24. Phoenix1983

    Phoenix1983 Hall of Fame

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    It's not, because I doubt that the likes of Laver and Graf especially care about linguistic semantics, and aren't offended at all by people calling the big tournaments either "majors" or "slams".

    If the likes of you are offended, well, that is your own concern.
     
  25. Limpinhitter

    Limpinhitter G.O.A.T.

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    I disagree. Disrespect does not rely on the one being disrespected to be offended. Further, it is not just the individual Grand Slam champions who are being disrespected, it is the tradition of the Grand Slam itself that is being disrespected.
     
  26. pc1

    pc1 G.O.A.T.

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    Each player had various claims to being the GOAT. Federer has 7 Wimbledons and 17 majors in total. Laver has 4 Wimbledons and 11 majors in total. However I would tend to look not only at majors but overall dominance. Federer was virtually unbeatable for several years. That's a super level very few in tennis history has reached. Laver won an Open Grand Slam which surprisingly now that Djokovic lost a Wimbledon today is the only one in Open history which is also a sign of greatness. Laver lost five peak years which he could play the majors but was still the best player for four of those years from 1964 to 1967. He also couldn't play the 1968 Australian so he missed 17 majors in that time. Laver was unbelievable in all tournaments as was Federer.

    To be honest it's possible that neither Federer or Laver is the GOAT. Gonzalez won a lot of majors and more important seven World Championship tours that made him the World Champion in that year. And isn't being the World Champion the goal of all players in a year?

    If you feel Federer is number one as so many do that perfectly fine. It's certainly a very logical choice. The same if someone picks Laver. Personally I think Vince Spadea or Brad Gilbert is the GOAT. They have the most claim to GOAThood.
     
    Last edited: Jul 4, 2016
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  27. xFedal

    xFedal Hall of Fame

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    Agreed, only thing Holding Novak from entering the GOAT debate is his lack of slams and weeks at No.1 for now... Lack of Calendar Slam does not hurt Novak as it hurts Federer..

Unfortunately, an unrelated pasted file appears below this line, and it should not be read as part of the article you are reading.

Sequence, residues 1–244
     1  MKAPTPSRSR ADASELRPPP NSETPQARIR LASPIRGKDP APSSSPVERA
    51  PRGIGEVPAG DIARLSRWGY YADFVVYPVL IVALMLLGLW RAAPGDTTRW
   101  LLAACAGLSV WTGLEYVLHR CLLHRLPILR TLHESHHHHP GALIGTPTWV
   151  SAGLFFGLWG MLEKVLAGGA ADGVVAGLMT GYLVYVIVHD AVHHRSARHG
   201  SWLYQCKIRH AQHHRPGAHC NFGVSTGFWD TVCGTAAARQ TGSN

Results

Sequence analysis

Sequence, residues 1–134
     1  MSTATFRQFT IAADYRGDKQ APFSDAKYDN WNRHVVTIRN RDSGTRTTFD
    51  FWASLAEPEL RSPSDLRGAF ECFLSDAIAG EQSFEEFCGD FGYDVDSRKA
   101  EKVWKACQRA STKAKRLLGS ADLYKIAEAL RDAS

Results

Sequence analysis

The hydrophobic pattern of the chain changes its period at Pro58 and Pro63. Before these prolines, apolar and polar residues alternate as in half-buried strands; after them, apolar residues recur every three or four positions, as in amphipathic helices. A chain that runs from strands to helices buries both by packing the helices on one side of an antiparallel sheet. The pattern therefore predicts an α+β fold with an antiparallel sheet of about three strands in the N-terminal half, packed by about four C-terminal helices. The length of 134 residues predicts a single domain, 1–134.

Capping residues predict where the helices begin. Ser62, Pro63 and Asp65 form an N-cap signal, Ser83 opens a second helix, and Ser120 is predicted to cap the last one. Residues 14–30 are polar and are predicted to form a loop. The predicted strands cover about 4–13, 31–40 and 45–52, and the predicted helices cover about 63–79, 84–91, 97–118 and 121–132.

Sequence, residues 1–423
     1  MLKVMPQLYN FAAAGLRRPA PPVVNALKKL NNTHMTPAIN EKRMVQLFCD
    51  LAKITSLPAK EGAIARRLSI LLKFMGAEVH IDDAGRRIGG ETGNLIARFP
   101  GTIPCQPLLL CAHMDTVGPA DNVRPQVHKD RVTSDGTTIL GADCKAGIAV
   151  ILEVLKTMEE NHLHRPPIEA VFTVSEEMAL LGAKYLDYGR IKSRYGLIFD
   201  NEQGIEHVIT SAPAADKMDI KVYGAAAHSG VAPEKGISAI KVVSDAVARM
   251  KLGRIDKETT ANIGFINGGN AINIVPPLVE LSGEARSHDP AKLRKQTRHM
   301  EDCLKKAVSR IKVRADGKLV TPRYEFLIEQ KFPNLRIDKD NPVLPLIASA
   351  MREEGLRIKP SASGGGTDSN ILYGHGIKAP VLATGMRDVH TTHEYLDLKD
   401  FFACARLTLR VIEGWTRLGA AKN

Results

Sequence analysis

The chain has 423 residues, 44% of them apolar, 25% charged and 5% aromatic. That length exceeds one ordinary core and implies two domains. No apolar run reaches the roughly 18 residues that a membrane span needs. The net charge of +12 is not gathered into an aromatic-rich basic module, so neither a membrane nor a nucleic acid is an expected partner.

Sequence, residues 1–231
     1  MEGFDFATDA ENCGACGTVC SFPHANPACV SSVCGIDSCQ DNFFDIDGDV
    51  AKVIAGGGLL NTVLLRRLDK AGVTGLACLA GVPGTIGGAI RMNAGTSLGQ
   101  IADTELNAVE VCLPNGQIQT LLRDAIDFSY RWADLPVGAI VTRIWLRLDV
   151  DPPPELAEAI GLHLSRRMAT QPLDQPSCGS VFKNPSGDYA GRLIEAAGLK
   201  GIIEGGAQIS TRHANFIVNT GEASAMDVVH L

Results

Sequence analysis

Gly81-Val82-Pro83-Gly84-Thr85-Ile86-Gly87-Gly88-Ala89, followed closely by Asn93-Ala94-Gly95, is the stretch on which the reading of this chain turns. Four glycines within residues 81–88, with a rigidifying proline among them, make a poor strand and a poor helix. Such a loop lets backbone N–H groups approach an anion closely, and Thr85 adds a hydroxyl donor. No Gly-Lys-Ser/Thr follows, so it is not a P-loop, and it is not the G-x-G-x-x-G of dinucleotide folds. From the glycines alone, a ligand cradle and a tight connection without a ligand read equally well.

28. pc1

    pc1 G.O.A.T.

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    Right now the most impressive achievement imo for Djokovic in his great career resume was when he held all four majors at the same time. But let's see how his career pans out. I would tend to think Djokovic will add a lot more to his tennis resume but you can never tell. No one would have thought John McEnroe wouldn't have won another major after 1984 and yet it happened. I suppose you could argue that the WCT championship he won in 1989 is a major so you could count that.
     
  29. Limpinhitter

    Limpinhitter G.O.A.T.

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    We're talking about tennis, not rapping. :D
     
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  30. NatF

    NatF Talk Tennis Guru

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    Not Killer Cahill? :D
     
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  31. Dan Lobb

    Dan Lobb Hall of Fame

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    You should consider also the level of competition for each champion....Laver did not face the highest level of competition.
     
  32. Limpinhitter

    Limpinhitter G.O.A.T.

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    Haha! Dan, you have accomplished what no one else on TW has ever accomplished. I am so flabbergasted by this comment that, for one of the very few times in my life, I am speechless.
     
  33. pc1

    pc1 G.O.A.T.

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    Who did Dan in your opinion?
     
  34. Dan Lobb

    Dan Lobb Hall of Fame

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    Silence is golden.
     
  35. Dan Lobb

    Dan Lobb Hall of Fame

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    Gonzales.
     
  36. pc1

    pc1 G.O.A.T.

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    With Gonzalez playing Kramer, Hoad, Segura, Sedgman, Rosewall, Trabert, Riggs, Budge in the 1950s and later Laver, Rosewall, Hoad, Newcombe, Roche, Ashe, Gimeno, Emerson in the 1960s and later Connors and Borg in the 1970s it is certainly impressive. Incredible to think that Gonzalez had a plus or at worst even record against all but Kramer and Laver. It was general big plus records.